Militants in Syria attract 31,000 foreign fighters - ex-UK spy chief

Reuters

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Syrian civilians who volunteered to join local Self Protection Units to protect their neighborhoods alongside the Syrian army attend training in Damascus countryside, Syria December 5, 2015. Photo: Reuters/Omar Sanadiki Syrian civilians who volunteered to join local Self Protection Units to protect their neighborhoods alongside the Syrian army attend training in Damascus countryside, Syria December 5, 2015. Photo: Reuters/Omar Sanadiki

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Syria has become the pre-eminent global incubator for a new generation of militants after Islamist groups more than doubled the recruitment of foreign fighters to as much as 31,000 over the past 18 months, according to a former British spy chief.
In the chaos of Syria's civil war, the majority of foreign fighters end up in militant groups like Islamic State, which uses an extreme interpretation of Islam to justify attacks on its foes and impose highly repressive rule in large swathes of Syria and neighbouring Iraq that it has captured.
"The Islamic State has seen success beyond the dreams of other terrorist groups that now appear conventional and even old-fashioned, such as al Qaeda," said Richard Barrett, who was formerly head of global counter-terrorism at Britain's Secret Intelligence Service, known as MI6.
"Despite sustained international effort to contain the Islamic State and stem the flow of militants traveling to Syria, the number of foreign fighters has more than doubled," Barrett said in an emailed report.
Islamic State militants claimed responsibility for a Nov. 13 attack on Paris that killed 130 people and the Oct. 31 downing of a Russian passenger plane over Egypt's Sinai region that killed 224. They promise more attacks on the West and Russia.
Al Qaeda militants killed nearly 3,000 people in the Sept. 11, 2001 attacks on the United States. Western leaders say Islamic State - which has proclaimed a caliphate across parts of Syria and Iraq - now poses a greater danger.
Attacks claimed by Islamic State have prompted intensified air strikes on the militants by a U.S.-led coalition that includes Britain and France. Russia, which supports Syrian President Bashar al Assad, is also bombing Islamic State and various anti-Assad rebel groups in Syria.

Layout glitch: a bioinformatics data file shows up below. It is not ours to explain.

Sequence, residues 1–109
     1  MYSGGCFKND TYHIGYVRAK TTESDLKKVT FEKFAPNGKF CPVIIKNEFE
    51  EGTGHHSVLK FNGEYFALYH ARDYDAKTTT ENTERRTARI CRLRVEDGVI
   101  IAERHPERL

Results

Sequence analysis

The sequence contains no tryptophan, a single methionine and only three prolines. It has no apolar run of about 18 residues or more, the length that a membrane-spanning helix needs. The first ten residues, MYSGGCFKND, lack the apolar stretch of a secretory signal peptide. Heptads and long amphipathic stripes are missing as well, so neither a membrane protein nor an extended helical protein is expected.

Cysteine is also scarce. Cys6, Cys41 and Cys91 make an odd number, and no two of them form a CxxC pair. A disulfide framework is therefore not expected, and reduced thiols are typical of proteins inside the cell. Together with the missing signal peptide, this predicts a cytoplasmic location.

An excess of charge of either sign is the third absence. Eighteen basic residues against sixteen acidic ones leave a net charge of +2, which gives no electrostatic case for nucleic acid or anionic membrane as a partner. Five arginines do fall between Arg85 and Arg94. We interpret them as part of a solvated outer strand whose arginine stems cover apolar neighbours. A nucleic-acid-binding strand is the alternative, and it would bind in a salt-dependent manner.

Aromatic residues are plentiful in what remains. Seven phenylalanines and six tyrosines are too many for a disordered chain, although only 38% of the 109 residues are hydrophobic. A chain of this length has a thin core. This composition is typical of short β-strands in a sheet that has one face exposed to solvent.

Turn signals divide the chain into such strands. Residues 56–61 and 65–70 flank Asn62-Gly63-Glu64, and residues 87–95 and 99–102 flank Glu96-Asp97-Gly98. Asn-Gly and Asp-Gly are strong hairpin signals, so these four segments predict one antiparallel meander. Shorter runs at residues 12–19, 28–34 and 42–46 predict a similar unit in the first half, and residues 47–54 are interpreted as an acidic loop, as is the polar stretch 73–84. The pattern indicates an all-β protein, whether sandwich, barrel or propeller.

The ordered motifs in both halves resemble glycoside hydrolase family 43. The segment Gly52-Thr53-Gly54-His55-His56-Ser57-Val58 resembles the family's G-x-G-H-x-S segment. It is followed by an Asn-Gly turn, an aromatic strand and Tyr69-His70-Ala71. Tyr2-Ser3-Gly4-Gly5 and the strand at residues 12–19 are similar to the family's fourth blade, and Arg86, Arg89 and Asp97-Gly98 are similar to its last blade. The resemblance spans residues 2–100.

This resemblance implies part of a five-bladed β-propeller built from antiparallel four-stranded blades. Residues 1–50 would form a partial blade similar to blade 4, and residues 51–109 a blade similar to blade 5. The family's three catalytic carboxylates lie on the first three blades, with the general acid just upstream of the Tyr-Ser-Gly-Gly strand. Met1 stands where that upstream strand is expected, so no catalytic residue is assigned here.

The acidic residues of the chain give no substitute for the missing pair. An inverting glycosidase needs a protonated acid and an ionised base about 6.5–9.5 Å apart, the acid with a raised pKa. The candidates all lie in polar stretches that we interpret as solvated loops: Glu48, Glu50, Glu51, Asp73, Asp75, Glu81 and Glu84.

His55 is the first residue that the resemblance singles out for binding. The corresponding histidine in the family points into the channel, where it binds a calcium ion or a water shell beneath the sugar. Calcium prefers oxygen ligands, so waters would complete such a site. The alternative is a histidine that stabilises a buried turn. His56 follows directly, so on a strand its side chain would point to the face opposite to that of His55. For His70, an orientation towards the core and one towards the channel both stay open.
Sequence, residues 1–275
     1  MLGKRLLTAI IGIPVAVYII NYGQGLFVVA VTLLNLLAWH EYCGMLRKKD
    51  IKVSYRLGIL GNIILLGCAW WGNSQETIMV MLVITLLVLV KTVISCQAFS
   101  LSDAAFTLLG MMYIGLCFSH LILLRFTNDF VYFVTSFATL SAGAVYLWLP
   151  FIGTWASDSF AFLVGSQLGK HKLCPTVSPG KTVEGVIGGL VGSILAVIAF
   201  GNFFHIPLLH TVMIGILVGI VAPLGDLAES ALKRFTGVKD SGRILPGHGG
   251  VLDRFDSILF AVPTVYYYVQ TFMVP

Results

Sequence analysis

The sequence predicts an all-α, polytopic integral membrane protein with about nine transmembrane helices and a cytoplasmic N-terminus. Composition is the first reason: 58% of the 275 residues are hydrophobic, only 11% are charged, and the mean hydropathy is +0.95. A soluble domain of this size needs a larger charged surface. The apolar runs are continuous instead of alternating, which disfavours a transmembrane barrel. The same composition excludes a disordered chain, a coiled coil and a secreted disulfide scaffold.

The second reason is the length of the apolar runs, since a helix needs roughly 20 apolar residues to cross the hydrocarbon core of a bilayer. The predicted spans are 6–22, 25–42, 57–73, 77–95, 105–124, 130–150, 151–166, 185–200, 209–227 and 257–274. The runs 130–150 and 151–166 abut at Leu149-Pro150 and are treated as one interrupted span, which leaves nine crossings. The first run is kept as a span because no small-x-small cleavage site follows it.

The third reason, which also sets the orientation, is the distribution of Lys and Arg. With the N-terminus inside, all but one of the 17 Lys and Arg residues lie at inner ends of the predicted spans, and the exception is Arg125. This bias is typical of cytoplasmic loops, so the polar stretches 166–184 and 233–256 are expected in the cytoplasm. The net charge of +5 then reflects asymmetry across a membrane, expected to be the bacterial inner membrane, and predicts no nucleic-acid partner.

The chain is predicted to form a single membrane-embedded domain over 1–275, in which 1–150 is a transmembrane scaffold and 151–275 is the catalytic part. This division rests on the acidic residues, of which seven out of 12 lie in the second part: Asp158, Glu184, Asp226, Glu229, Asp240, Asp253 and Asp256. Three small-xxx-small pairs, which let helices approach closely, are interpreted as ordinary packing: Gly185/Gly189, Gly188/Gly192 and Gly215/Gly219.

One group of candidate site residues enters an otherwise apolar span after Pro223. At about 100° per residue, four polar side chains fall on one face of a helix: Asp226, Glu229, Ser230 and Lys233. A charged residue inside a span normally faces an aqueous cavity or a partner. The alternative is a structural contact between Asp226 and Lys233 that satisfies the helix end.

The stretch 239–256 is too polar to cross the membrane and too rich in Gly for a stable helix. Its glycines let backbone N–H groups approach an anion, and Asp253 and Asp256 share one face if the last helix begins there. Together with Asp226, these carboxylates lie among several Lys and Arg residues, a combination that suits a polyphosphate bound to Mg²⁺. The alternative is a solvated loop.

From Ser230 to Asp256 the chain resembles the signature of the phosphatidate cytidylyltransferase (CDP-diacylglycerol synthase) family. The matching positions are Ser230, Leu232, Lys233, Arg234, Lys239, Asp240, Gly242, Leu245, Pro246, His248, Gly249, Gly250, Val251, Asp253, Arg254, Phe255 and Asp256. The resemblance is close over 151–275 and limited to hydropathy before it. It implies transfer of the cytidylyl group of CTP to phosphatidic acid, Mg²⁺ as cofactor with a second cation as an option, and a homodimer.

Western intelligence officials say foreign fighters who join militants in Syria pose a menace to national security as they can become battle-hardened and radicalised in Syria before returning with ease to Western states to carry out attacks.
"Even if the Islamic State is a failing enterprise in steady decline, it will be able to influence the actions of its adherents, and it may become more dangerous as it dies," Barrett wrote.
Fighting for Islamic State
Barrett, who now works for the Soufan Group, a New York intelligence consultancy, said most of the foreign fighters flocking to Syria are Arabs from the Middle East and Africa.
Significant numbers came from Tunisia, Saudi Arabia and the former Soviet Union, while about 5,000 have traveled from the European Union, Barrett said in the report.
The headline estimate of 27,000-31,000 foreign fighters who have traveled to Syria and Iraq compares to an estimate of 12,000 foreign fighters who had journeyed to Syria that Barrett made in June 2014.
Though individual countries provide estimates of the number of their nationals who have gone to Syria, there are few broad global estimates. Barrett's figures include those who may have gone to Syria and subsequently returned.
Militants in Syria have attracted fighters from across 86 different countries ranging from Norway to Uzbekistan, with steep increases from the Middle East, North Africa and the former Soviet Union.
Around 6,000 fighters from Tunisia have gone to Syria, 2,500 from Saudi Arabia and 2,400 from Russia, according to Barrett. Of the roughly 5,000 EU recruits, around 3,700 come from four countries - France, Britain, Germany and Belgium.
The figure for France may be overstated as officials say 1,800 citizens and residents are linked to Islamic State but that this number encompasses those who have been killed, are in prison, returned or may be planning to go.
Recruits from the former Soviet Union, particularly Russia's North Caucasus republics of Chechnya and Dagestan and the Muslim countries of Central Asia, have also dramatically risen.
"As the Islamic State changes its focus from consolidating control of territory to attacking its foreign enemies in their own homelands, or their interests elsewhere, the profile of its foreign recruits will also change," Barrett said.
"The Syrian civil war will not end soon," added Barrett, who between 2004 and 2013 headed the United Nations team that monitored al Qaeda and the Taliban.
 

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